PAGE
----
Getting Around: We alternated between trains and Megabus for the longer distances on our itinerary. Megabus is a nice cheap option when available. We took a package tour of the innermost Hebrides (buses and ferries included), used the city buses to get around Edinburgh, and walked the Great Glen Way on our own feet. Some of the things we did around Lockerbie with Allan’s family may be difficult without a private car.

Language: I could joke that in the Highlands the accent is so thick that it’s hard to understand, but except for one or two instances, there were no real issues with this. Gaelic was more present than I expected it to be, but a tourist will never need a word of it. If you speak English, you’re good to go.

Other: When the weather was good (about half the time) it was glorious. When the weather was bad (the other half of the time) it was abysmal. It rains often and hard in Scotland, but definitely not all the time.

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Itinerary:

Lucia and I arrived in London on August 2nd, met up with Allan and spent the next two days seeing London. We saw Kings Cross Station, Piccadilly Circus, Hyde Park, Buckingham Palace, Big Ben, the London Eye, and the British Museum, as well as the Greek and Indian neighborhoods, where we had some delicious meals.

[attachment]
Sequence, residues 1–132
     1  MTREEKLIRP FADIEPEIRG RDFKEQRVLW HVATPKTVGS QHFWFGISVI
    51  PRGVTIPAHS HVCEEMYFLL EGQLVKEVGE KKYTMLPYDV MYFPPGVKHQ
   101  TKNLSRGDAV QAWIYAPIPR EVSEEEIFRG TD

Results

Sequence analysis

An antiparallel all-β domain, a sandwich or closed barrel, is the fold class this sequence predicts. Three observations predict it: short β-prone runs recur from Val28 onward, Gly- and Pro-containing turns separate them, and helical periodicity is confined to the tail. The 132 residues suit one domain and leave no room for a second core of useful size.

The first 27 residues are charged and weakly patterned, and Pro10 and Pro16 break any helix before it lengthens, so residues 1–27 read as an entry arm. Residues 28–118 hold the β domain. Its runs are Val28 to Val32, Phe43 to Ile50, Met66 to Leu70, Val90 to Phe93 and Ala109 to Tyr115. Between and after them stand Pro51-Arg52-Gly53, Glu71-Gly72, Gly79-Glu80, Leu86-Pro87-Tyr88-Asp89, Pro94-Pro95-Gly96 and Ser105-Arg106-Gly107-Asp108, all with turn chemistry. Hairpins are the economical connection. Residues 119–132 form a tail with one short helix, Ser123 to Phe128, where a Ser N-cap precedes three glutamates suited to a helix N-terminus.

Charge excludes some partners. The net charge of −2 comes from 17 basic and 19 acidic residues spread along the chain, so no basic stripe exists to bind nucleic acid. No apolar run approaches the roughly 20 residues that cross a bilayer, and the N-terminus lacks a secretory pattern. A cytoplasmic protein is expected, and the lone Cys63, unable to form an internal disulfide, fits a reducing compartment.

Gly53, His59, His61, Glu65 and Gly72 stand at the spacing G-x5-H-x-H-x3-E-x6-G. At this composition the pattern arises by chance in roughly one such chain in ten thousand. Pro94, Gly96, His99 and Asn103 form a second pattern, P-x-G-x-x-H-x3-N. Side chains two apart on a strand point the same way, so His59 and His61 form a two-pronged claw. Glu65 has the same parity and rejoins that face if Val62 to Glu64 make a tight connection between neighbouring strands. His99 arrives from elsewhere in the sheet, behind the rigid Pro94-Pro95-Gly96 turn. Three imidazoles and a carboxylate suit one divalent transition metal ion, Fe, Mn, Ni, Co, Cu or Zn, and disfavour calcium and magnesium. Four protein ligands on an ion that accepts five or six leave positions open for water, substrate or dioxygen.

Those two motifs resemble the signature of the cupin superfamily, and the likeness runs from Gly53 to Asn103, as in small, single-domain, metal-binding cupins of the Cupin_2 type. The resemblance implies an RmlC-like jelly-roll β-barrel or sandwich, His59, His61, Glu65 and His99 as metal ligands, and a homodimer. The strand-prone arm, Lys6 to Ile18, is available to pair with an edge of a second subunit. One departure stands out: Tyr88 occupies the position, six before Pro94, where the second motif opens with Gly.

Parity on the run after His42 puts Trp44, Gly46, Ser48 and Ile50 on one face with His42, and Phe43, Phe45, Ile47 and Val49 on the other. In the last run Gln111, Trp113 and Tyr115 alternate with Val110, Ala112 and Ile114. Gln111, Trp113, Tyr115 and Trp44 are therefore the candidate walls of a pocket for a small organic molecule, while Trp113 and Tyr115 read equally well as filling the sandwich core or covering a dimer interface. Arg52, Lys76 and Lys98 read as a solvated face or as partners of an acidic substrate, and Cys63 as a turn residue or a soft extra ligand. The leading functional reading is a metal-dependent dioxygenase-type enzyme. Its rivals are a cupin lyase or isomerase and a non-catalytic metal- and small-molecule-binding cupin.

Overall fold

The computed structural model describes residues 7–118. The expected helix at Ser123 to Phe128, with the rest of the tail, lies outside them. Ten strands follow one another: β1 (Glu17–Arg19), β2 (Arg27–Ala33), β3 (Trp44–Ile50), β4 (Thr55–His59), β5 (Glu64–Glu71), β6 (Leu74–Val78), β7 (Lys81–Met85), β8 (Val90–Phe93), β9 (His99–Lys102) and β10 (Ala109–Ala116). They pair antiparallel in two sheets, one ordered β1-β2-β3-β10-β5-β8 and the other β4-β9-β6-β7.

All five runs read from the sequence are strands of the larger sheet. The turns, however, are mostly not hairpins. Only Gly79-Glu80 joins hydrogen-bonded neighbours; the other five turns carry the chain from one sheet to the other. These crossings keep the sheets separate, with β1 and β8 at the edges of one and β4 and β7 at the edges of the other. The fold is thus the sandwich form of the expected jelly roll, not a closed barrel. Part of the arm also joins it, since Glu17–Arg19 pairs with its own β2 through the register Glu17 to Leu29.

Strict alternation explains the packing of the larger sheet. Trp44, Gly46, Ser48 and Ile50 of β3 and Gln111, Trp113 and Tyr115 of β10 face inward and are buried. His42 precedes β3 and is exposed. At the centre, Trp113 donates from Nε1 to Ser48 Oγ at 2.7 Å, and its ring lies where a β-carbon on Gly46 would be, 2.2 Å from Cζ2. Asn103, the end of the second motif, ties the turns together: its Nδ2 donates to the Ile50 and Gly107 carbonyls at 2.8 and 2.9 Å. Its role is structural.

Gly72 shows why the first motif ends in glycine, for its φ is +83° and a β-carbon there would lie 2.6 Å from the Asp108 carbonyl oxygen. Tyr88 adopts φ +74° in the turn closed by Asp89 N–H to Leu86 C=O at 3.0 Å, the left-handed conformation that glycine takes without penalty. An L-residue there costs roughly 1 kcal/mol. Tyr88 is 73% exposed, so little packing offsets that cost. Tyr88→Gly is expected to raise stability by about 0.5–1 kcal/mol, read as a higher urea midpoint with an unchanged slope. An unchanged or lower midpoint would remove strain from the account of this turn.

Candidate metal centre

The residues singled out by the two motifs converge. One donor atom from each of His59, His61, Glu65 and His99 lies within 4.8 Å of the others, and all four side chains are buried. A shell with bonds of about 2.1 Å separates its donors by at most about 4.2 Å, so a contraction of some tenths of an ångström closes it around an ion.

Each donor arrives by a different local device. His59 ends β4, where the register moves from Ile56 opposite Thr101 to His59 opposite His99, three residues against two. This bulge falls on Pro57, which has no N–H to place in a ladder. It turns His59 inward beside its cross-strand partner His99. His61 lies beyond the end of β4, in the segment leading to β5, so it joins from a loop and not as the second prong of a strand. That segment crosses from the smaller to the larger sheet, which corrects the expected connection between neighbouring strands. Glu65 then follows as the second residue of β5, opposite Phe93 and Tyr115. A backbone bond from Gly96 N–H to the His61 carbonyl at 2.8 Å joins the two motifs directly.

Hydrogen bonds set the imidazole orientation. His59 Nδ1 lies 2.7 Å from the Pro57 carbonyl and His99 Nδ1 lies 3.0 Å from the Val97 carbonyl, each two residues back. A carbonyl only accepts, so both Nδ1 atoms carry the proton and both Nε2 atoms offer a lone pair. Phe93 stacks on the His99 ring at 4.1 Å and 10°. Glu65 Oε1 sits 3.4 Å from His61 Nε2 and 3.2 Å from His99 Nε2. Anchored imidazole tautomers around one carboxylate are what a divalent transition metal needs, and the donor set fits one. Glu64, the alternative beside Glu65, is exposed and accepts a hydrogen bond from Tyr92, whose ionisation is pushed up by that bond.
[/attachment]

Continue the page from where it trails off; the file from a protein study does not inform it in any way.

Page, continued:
On the 4th, we took a bus up to Allan’s part of Scotland. We spent the next day getting ready for our journey north and taking walks around Allan’s village and it’s abandoned castle. The 6th saw us on a train to Oban, gateway to the Hebrides, and we spent a few hours in Glasgow on the way. The next day, we toured the Islands of Mull and Iona, where we had a white sand beach all to ourselves.

On August 8th, we climbed Ben Nevis, the U.K.’s highest mountain, and the next day started out on the Great Glen Way. We went from Ft. William to Gairlochy (8/9), to South Laggan (8/10), to Fort Augustus (8/11), to Altsigh (8/12), to Drumnadrochit (8/13), and finally Inverness (8/14), facing torrential rain, fairies, and the Loch Ness Monster on the journey.

By the 15th, we’d had enough of the adventurous life and headed south to Edinburgh for some culture. We toured the castle and old town by day, and took a ghost tour of the catacombs and cemeteries by night. We were there for the Edinburgh Festival, and participated by going to see a decent play and truly dreadful opera.